To Lie Or Not To Lie

Bryan Davis asked an interesting question on his Facebook page yesterday: when, if ever, is it OK to tell a lie? Actually, he was asking in relationship to a character in a story, and the specific instance was in regard to saving a life.

Back in April I explored a more broad form of this question in a post discussing Lost Mission by Athol Dickson. But from time to time I’ve thought specifically about the issue of lying, primarily because some of the heroes of the Bible told lies.

Here, then, is what I wrote about the issue yesterday (with just a little editing 😉 ). In part I was responding to earlier comments that pointed to the idea that if God blessed the person, it was verification that their lying was justified.

    Abraham lied about Sarah being his wife—twice, and it is clear in the second incident that the king who suffered for it thought it was wrong.

    [Then Abimelech called Abraham and said to him, “What have you done to us? And how have I sinned against you, that you have brought on me and on my kingdom a great sin? You have done to me things that ought not to be done.” Gen. 20:9]

    Yet God blessed Abraham.

    Jacob deceived Isaac, yet God still gave him His covenant promise. Clearly, Esau thought Jacob was wrong, and even Jacob thought he was wrong—first when he was afraid he’d be caught, then twenty years later when he went home and anticipated facing his brother.

    My point is, I don’t think blessing from God is evidence that the lies were OK. I think they were sinful and God forgave them.

    But what about in the instance of saving a life? Abraham thought his lie was justified because he believed he was saving a life—his own. But what about saving someone else’s life?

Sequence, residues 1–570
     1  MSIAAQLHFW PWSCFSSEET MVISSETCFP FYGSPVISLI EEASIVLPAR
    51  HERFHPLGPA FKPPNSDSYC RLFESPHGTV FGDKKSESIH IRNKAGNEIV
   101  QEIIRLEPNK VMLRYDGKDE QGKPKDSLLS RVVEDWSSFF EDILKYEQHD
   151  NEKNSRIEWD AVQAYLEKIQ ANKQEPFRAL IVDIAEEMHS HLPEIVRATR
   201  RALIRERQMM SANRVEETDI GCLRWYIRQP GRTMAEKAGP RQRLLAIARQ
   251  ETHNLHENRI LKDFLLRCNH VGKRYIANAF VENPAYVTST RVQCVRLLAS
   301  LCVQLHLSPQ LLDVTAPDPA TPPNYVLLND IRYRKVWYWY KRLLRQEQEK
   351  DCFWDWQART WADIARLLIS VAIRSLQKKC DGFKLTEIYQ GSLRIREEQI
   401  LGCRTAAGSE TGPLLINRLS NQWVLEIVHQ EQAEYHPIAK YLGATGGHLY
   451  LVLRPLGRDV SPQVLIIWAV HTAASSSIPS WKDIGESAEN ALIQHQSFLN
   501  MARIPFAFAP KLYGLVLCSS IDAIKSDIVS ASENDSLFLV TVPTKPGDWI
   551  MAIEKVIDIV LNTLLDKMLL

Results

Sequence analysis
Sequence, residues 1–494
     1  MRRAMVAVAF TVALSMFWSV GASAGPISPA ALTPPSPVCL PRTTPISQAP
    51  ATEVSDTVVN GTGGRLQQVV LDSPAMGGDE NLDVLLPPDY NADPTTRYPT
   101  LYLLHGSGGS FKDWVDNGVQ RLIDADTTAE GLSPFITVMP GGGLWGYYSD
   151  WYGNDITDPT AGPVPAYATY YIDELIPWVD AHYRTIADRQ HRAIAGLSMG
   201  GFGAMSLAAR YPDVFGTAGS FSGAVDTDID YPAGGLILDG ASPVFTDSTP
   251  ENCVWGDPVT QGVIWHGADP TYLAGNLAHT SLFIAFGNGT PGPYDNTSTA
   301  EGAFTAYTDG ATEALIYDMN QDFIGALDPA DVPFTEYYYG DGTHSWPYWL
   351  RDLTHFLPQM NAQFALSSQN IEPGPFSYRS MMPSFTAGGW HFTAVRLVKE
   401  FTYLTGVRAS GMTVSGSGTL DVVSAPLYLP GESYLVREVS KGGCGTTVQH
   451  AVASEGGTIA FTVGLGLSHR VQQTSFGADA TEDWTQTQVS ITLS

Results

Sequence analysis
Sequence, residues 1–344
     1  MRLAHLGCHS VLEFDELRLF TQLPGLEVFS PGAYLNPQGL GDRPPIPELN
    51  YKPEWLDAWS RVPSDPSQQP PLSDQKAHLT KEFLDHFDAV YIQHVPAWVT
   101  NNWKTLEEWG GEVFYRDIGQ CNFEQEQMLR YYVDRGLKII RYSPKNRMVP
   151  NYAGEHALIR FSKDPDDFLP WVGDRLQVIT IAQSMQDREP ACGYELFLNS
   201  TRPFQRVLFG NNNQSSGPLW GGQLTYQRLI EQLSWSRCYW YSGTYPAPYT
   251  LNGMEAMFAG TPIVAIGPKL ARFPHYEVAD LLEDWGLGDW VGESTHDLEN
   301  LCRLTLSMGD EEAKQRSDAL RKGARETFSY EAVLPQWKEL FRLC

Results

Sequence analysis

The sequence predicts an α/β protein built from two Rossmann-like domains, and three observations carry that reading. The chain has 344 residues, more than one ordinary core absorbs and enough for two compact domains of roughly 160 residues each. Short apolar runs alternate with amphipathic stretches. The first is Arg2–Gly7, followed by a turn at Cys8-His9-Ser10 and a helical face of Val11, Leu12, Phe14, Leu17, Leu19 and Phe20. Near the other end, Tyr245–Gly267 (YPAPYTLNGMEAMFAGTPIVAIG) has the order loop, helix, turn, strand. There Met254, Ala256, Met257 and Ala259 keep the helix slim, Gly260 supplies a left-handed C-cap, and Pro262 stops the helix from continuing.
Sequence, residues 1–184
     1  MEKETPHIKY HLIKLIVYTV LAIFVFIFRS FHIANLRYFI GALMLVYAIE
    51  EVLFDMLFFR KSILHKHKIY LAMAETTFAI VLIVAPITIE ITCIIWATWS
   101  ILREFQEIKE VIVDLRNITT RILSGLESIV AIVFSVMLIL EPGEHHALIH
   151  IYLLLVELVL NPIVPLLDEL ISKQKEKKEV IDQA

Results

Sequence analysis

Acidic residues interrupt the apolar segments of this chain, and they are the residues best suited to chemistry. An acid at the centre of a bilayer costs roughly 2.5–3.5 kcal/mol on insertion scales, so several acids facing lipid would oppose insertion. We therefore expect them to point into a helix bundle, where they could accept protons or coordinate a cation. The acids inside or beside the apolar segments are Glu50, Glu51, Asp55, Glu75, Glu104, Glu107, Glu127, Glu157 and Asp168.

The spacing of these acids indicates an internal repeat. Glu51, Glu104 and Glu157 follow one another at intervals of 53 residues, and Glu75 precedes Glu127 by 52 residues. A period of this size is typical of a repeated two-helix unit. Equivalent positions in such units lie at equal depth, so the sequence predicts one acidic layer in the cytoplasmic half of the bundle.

When David went on the run from Saul, he lied to the priest about being on a mission for the king (see I Sam. 21:1-10; I Sam 22:11-19). The consequence was that the priest and all those serving with him were killed—over seventy of them, if I remember correctly [actually eighty-five]. Yet Jesus used the incident as an example of “law breaking” that was OK—a layman eating the Bread of the Presence which was against the Mosaic Law (Matt. 12:1-5). Jesus gave no commentary about the lie David told.

    Yet Jesus says that Satan is a liar and the father of lies.

    I’m leaning toward this idea: My heart is the issue.

    If I don’t want to lie because I want to preserve my own righteousness, I think I’m like the priest and the Levite in Jesus’s parable who wanted to keep themselves clean, so avoided the man who’d been mugged. [Or like the Pharisees who wanted to remain clean so they could celebrate the Passover and therefore wouldn’t go into the Praetorium to speak with Pilate when they wanted to ask him to crucify Jesus (John 18:28).]

    If, on the other hand, I don’t want to lie because I want to please God, I think He can work no matter what.

    I guess that sounds quite relativistic. Let me be clear. I think lying is sin. Period. I think God can forgive it and work in the same way He worked when Joseph’s brothers meant him evil—God meant their actions for good.

    A person may lie for a good cause, rather than trusting
    God to work in the situation. The lie is still a sin, but God can use it for His purpose. The story of David mentioned above illustrates this. [Even as it illustrates that lies have consequences.]

So what do you think? My comments came at the end of the discussion. Because Bryan had to get back to work, he brought the responses to an end, so I never got much feedback and would love to hear how others view lying for a good cause (especially to preserve life).

Published in: on September 23, 2010 at 4:53 pm  Comments (16)  
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